• (1NT) - X - P - ? (this is the major one I'm interested in)
  • (1NT) - X - (some suit bid) - ? (this one can be easier as I can always pass if required).
One suggestion is that you treat partner as having opened 1NT with 13+ pts. What are your thoughts on this? Initially I don't like it as the type of hands you would pass on (i.e weak hands) are probably the ones you don't want to pass as that leaves the double in!
Any other suggestions for follow-up sequences?
Some Scottish partnerships have adopted similar methods. e.g.
After (1N) ??
  • Double = PEN or 2/3 suiter with opening values.
  • Overcalls = NAT 5+ cards.
Such methods were fairly standard, 70+ years ago. Simple and easy to remember.

Another advantage is that partner can often pass the double for penalties, to good effect, with 9+ HCP.
A disadvantage is the partner should probably remove with less -- usually to the cheapest suit in which he is willing to play e.g. bid
  • 2 with x x x x x x x x x x x x x, hoping that partner will correct if necessary but
  • 2 with x x x x x x x x x x x x x, the more expensive the bid, the more likely it is to show a long suit.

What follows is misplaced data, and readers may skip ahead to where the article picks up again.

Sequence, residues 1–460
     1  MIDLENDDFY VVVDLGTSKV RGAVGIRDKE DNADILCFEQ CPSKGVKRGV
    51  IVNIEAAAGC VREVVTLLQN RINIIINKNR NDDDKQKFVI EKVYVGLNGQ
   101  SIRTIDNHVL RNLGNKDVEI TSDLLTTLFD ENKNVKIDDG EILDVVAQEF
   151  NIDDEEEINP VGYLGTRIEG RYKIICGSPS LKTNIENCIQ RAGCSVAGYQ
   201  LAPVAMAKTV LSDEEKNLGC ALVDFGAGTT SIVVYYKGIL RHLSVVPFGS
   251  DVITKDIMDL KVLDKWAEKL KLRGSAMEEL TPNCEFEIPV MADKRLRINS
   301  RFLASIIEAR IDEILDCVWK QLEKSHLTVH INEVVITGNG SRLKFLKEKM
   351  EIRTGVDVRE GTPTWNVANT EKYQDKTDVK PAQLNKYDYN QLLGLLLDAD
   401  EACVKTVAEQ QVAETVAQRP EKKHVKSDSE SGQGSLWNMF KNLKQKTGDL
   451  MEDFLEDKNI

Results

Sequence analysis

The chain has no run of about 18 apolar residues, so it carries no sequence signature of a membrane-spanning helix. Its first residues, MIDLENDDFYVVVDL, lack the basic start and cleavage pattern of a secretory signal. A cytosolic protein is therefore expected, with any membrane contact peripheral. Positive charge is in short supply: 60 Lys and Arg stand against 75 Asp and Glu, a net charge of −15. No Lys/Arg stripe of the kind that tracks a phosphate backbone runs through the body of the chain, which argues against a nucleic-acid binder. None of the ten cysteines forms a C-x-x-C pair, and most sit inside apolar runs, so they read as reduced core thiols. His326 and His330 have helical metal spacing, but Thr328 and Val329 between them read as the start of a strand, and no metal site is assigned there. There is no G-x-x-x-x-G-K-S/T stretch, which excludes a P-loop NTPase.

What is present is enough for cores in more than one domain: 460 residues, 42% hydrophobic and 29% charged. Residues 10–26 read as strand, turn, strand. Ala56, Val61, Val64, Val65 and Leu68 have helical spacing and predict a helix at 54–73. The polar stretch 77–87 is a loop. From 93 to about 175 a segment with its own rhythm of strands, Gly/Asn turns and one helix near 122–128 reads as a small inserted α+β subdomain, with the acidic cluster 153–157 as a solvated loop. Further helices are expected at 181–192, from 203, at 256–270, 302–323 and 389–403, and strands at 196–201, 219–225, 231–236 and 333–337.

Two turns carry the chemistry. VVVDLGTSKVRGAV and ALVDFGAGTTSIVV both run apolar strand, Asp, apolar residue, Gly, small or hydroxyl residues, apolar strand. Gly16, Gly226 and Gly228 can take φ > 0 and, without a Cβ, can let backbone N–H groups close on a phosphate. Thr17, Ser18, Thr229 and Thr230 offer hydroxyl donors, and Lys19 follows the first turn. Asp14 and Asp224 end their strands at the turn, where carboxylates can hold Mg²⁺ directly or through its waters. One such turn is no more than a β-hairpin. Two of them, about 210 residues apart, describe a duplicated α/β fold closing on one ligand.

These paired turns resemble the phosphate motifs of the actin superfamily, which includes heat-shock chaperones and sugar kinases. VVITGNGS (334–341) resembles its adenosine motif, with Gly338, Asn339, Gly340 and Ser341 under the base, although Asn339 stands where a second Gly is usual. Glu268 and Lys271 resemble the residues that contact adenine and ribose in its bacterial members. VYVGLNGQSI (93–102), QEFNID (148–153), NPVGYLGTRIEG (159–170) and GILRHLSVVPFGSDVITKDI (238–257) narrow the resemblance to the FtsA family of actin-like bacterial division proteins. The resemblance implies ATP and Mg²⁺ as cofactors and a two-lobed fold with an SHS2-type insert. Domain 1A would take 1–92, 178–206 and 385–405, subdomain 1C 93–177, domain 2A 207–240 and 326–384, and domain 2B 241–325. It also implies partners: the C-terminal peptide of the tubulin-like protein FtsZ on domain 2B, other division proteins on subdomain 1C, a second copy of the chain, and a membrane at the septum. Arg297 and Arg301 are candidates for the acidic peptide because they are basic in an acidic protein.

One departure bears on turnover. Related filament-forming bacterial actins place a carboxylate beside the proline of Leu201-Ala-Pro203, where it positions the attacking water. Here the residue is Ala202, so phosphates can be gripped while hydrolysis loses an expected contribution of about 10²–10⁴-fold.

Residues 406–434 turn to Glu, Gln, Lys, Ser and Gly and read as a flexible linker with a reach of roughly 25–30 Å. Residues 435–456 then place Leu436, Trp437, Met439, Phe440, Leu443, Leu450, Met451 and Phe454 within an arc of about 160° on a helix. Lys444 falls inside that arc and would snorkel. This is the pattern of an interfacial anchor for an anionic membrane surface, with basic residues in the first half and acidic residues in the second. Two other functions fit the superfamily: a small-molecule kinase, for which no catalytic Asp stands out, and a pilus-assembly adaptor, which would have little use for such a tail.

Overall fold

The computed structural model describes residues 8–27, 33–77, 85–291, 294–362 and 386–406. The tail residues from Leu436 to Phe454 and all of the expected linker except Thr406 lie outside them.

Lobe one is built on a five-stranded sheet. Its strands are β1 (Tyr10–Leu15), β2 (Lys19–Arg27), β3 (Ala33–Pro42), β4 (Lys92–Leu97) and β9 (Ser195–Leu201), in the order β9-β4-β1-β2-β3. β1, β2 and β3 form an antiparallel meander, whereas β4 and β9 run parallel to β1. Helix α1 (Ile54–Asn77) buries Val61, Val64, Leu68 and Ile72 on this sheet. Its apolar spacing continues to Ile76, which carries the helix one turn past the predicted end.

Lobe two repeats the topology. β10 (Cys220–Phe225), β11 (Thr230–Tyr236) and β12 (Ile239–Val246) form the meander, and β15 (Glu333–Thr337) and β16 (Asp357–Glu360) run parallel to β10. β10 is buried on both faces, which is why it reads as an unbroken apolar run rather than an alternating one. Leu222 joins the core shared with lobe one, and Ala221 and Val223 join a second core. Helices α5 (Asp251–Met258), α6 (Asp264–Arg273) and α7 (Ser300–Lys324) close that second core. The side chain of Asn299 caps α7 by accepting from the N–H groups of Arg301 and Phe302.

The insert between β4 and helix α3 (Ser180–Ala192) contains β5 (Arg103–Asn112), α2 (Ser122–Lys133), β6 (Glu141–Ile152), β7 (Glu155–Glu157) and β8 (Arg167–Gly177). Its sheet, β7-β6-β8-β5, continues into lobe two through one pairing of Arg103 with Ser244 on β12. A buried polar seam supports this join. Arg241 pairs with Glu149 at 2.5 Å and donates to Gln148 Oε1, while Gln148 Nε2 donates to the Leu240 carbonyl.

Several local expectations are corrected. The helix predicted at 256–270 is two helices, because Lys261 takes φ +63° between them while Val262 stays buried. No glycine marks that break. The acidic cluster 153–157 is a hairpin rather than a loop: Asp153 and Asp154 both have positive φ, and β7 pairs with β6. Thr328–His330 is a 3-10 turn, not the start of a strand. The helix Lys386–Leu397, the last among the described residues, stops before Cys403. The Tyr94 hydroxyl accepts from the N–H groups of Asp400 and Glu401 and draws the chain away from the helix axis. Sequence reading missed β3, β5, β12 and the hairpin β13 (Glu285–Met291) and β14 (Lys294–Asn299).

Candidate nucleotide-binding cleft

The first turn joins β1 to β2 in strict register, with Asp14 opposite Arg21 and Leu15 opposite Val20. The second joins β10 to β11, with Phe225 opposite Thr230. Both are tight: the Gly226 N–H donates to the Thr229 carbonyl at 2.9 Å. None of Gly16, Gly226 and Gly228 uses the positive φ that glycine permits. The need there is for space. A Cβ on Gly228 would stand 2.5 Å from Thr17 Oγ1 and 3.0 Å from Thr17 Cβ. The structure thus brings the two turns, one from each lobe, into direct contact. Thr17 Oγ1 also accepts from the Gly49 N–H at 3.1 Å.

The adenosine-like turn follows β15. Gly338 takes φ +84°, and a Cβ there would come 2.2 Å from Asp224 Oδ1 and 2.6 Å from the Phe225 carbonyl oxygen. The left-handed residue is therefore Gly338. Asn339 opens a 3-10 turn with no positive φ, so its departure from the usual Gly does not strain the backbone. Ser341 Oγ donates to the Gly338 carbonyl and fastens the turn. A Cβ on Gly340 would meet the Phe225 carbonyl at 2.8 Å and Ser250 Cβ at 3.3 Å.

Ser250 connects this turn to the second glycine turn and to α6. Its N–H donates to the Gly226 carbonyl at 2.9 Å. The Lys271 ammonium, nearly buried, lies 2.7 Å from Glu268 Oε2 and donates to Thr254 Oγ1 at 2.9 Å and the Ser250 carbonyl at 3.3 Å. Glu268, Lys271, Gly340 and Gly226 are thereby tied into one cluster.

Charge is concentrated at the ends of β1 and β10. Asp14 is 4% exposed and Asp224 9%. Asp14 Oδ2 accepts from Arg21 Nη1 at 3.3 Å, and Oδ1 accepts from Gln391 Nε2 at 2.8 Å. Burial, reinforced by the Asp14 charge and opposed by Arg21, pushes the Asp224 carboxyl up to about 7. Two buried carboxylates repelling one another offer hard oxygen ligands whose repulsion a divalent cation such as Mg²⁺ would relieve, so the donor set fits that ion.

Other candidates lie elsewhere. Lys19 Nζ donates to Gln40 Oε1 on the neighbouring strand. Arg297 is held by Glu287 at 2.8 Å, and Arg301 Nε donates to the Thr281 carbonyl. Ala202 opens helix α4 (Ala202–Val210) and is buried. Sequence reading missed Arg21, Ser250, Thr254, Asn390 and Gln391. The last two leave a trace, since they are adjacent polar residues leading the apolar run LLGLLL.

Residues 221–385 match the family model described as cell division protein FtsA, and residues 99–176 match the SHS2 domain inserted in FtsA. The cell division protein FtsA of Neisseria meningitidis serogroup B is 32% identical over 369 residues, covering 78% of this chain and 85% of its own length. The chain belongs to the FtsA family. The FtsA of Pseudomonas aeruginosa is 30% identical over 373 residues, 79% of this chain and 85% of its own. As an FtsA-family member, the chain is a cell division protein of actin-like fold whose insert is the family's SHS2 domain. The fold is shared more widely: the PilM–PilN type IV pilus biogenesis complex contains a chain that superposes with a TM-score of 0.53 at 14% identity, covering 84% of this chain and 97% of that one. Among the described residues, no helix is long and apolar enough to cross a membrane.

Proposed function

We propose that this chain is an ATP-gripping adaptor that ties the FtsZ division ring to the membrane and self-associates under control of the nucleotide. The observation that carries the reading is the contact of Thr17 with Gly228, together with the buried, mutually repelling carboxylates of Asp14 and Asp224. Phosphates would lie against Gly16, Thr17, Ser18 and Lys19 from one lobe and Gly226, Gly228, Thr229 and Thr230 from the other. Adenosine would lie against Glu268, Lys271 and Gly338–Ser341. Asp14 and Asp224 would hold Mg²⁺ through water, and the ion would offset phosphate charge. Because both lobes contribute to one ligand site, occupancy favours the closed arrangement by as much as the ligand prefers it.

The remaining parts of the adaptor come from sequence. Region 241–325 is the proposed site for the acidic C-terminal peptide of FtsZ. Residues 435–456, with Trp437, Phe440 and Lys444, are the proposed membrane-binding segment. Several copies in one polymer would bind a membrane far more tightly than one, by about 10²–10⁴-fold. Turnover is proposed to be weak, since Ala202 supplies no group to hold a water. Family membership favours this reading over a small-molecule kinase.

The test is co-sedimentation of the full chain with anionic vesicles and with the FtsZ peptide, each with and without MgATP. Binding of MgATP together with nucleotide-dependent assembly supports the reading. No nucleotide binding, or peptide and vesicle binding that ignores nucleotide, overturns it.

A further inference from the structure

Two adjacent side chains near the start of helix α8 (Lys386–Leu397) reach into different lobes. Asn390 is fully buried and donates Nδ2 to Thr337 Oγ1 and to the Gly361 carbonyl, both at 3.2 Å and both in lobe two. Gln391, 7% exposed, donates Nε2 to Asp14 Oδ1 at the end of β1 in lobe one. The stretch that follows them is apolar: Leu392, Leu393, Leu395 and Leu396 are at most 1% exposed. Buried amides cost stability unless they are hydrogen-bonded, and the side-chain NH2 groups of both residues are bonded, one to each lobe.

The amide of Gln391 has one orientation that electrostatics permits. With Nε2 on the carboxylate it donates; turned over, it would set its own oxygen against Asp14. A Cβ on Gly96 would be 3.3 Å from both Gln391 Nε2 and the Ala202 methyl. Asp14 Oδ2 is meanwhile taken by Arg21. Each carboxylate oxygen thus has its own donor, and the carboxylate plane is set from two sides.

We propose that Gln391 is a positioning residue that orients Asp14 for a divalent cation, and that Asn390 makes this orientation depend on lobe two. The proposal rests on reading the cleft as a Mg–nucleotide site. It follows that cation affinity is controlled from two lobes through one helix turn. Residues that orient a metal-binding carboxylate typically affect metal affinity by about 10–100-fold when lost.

Dokoko's suggestions seem to be excellent. e.g.
  • Take advantage of opponents' methods, especially if pass forces a redouble.
  • 2N = 2-suiter
There's also an argument that replies of 2N and above should be Lebensohl. (Not Rubensohl or any transfer method, because you would prefer the notrump opener to be on-lead).
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#9 User is online   mikeh 

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Posted 2018-October-24, 13:21

View Posthirowla, on 2018-October-21, 03:48, said:

Thanks for the replies so far. Iíll just clarify a few things mentioned above:
  • I agree that overcalling on a 5 card suit is risky. Iíll seen both good and bad results against me doing it. Donít know how how it works out overall. Iíve generally played you only overcall with 2 distribution points. So Iím seeing how it goes.
  • I think the 13 point level comes from it originally meaning ďI have a 1NT openingĒ in the Precision context - which is 13-15 pts.